From the Dean
The 2009-10 academic year is well under way and with it all the activity in teaching, research and service that characterize Vanderbilt’s Peabody College. Despite the economic uncertainty of the last year, Peabody continues to thrive.
This fall we added nine new members to our faculty in positions across all five departments. Two of these outstanding scholars, Laurie Cutting (special education) and William Turner (human and organizational development) hold named endowed chairs. Bruce McCandliss, another endowed chair holder who joined us in January, is profiled in this issue. Our ability to recruit faculty of national repute is just one of the outcomes of Vanderbilt’s Shape the Future campaign.
Another campaign result is support for student financial aid. Vanderbilt’s commitment to replace need-based loans with grants is one of the factors that led to a record number of applications for undergraduate admission last year. The result was the most selective class of entering students in the university’s history. Proactive recruitment strategies and Peabody’s high reputation as a graduate school have resulted in similar increases in the number and quality of students in our master’s and doctoral programs.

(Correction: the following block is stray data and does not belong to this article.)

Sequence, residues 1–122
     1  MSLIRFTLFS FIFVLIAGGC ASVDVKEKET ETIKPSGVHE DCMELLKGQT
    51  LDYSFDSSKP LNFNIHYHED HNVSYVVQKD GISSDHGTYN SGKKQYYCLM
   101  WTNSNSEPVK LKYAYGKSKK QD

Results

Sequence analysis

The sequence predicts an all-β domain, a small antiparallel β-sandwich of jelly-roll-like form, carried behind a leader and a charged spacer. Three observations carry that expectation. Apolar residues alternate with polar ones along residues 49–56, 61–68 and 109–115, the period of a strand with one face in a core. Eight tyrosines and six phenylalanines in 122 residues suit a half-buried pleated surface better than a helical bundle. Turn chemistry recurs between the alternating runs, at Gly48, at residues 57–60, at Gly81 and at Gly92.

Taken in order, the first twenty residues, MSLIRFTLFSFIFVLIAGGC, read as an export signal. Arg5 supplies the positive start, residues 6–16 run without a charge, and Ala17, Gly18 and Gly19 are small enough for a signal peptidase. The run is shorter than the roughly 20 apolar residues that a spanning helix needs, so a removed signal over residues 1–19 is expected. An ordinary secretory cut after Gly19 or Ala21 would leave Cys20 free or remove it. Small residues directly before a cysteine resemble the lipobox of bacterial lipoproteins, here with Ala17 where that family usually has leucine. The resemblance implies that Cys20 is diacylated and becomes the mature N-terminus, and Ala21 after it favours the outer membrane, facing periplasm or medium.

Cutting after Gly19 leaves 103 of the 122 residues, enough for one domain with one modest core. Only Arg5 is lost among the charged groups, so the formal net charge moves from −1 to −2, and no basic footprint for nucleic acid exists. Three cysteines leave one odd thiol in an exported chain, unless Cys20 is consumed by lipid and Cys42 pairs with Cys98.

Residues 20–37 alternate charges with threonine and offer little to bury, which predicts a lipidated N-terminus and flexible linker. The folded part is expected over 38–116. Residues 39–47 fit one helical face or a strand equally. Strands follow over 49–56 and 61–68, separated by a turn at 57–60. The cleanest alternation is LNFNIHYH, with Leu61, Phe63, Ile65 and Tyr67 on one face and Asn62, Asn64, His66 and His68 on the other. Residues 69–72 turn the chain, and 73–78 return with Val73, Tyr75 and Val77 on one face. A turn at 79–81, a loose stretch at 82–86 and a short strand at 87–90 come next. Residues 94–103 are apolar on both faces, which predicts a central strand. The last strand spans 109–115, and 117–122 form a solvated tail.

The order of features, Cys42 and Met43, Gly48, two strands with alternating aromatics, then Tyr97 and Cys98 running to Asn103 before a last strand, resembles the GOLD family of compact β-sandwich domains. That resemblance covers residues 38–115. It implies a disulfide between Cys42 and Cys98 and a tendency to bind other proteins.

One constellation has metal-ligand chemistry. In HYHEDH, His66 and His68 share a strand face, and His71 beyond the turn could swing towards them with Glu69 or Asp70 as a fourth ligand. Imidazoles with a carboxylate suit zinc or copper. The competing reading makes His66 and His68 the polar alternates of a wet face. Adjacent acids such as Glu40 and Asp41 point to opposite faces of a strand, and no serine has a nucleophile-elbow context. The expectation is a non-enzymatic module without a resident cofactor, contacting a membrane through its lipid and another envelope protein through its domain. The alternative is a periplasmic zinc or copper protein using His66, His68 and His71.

Our goal as a college is to ensure that Peabody students—from undergraduates to doctoral candidates—have the best possible learning experience while here. Our agenda for 2009-10 focuses on issues of quality, on the creation of rich learning environments for our students, on enhancing the characteristics that make Peabody distinctive, and on translating excellence into contributions to the world around us.
Evidence of those contributions can be seen in the work of Professors Dale Farran, David Dickinson, Ann Kaiser, Carin Neitzel, Debbie Rowe and Georgene Troseth, whose research on early language development is described here. All of them are having positive effects on the well-being and learning of children during early childhood, which has long been an area of emphasis at Peabody.
A strong sense of community is another defining characteristic of the college. Social media have certainly created many more spaces for Peabody students, faculty, alumni, parents and friends to communicate or simply to keep up with everything happening here on campus or around the world. Readers of the Reflector may wish to follow us on Facebook or Twitter. YouTube makes the intellectual life of Peabody and Vanderbilt available long after graduation, while LinkedIn is presenting new possibilities for career development.
As always, I am grateful for the interest and support for our work shown by all those who care deeply about Peabody College.
Camilla P. Benbow
Patricia and Rodes Hart Dean of Education and Human Development